There are even harsher support rates: In the middle of December, Masterplast Kft., Molar Chemicals Kft., and  Vajda-Papír KFt. received a total of HUF 9.2 billion ( € 25.5 million) in grants within the framework of the 50 billion Healthcare Support Program, With this support, an investment of HUF 11.4 billion ( € 31.6 million) was made.

That is, more than 80 per cent of the three investments were made by taxpayers, meaning that the three selected companies received virtually free money. It is not high-tech, as the three companies have received billions of taxpayers to manufacture sanitary masks, protective clothing, hygiene devices and disinfectants.

It would not be applicable in government support programs alone, but the Hungarian government supports certain companies, multis and some Hungarian companies dealing with fire extremely gallantly, said László Molnár, CEO of GKI Gazdaságkutató Zrt. The subsidy of one hundred million forints per job is twenty years’ wage cost, he added. Meanwhile, the government is rather narrow-minded in helping Hungarian companies that would have needed temporary support due to the crisis. As a workplace, the government give a monthly wage subsidy of 170 thousand forints, which is not so much. They let the existing jobs be lost, but on the other hand, giving a hundred million forints to a new job is an incredibly wasteful economic policy, László Molnár added.

Although investment subsidies temporarily increase the gross national product, GDP at high depreciation and profit margins, because they do not create many new jobs, the state does not generate significant tax revenue. Besides, these investment grants, even if they create new jobs, are in the rarest of cases, high value-added jobs, most of which are three shifts, with a continuous work schedule. In other words, the government supports the exploitation of the Hungarian workforce by the multis, a tangible sign of which is the strikes that have taken place in recent years at some large Hungarian companies—besides, most of these multis produce from imports and not from domestic raw materials.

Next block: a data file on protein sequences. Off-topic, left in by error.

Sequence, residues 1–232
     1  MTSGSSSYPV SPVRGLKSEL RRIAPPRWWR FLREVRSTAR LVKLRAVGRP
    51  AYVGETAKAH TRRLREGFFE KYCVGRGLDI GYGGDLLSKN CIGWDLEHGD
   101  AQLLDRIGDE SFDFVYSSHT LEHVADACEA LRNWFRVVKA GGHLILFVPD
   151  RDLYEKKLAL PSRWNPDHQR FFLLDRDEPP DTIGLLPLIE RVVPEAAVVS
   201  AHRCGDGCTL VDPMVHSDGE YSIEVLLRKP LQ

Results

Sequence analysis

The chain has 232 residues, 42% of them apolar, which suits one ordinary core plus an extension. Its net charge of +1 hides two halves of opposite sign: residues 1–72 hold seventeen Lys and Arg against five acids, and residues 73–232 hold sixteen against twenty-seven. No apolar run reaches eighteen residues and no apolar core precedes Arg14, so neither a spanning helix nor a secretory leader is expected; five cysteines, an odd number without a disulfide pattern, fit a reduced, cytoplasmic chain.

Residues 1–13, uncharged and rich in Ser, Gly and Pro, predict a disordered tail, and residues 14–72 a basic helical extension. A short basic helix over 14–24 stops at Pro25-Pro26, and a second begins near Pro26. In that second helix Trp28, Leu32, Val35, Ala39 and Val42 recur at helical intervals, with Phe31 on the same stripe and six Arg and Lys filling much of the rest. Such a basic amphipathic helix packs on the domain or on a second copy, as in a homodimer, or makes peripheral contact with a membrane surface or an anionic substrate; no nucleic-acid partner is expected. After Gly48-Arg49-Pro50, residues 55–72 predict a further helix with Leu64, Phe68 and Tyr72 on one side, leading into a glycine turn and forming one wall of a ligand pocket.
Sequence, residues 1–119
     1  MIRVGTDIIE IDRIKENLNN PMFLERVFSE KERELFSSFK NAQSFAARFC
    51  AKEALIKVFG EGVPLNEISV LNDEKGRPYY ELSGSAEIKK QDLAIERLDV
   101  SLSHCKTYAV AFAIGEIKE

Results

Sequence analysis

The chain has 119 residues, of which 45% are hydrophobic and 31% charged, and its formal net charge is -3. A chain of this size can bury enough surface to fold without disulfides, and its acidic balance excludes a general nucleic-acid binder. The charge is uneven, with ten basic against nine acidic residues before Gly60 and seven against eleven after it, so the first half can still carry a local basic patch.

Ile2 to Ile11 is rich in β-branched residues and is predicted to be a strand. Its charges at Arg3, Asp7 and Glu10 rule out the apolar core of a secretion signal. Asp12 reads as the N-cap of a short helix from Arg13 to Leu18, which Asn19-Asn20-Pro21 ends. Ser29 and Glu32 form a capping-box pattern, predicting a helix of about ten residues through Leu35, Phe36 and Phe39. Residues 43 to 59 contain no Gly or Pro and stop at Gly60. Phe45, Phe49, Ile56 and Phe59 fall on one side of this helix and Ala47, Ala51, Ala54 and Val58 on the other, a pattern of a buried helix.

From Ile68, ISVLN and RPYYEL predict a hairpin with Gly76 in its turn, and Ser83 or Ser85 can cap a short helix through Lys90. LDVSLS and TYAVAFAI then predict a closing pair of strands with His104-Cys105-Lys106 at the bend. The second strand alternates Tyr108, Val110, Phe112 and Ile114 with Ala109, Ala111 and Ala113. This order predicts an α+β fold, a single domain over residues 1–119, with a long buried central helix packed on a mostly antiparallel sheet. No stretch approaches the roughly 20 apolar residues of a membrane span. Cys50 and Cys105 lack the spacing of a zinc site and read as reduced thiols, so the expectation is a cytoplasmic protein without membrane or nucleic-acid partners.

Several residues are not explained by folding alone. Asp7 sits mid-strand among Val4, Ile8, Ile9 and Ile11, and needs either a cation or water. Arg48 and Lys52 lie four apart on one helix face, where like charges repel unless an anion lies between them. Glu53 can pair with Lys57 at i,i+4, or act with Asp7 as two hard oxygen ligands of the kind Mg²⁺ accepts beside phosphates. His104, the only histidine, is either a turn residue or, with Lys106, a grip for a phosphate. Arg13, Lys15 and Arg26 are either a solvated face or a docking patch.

It is a bit better if food companies receive support, because then at least the raw material is domestic, and thus the support would have a spill-over effect.

Molnár mentioned one exception within the financial protection measures, which he sees as making economic policy sense; this is the preferential loan program of the Magyar Nemzeti Bank (MNB). Within the framework of the Growth Loan Program, viable, but capital-deficient Hungarian companies are supported with extremely cheap loans – up to a maximum of two per cent. Instead of the government’s investment incentive program, this loan program should be continued, the CEO of GKI added.

The consequence of the government’s investment promotion policy is that the taxes paid by Hungarian people and companies support the investments of multis although the opposite should be the case: domestic companies should be supported from the taxes paid by multis. It is difficult to understand what the government aims for with these unrealistically high state subsidies beyond political gain. It can be seen that at the press conferences, in many cases in the role of the cashier, local Fidesz representatives also appear in addition to the Minister.

Source: Népszava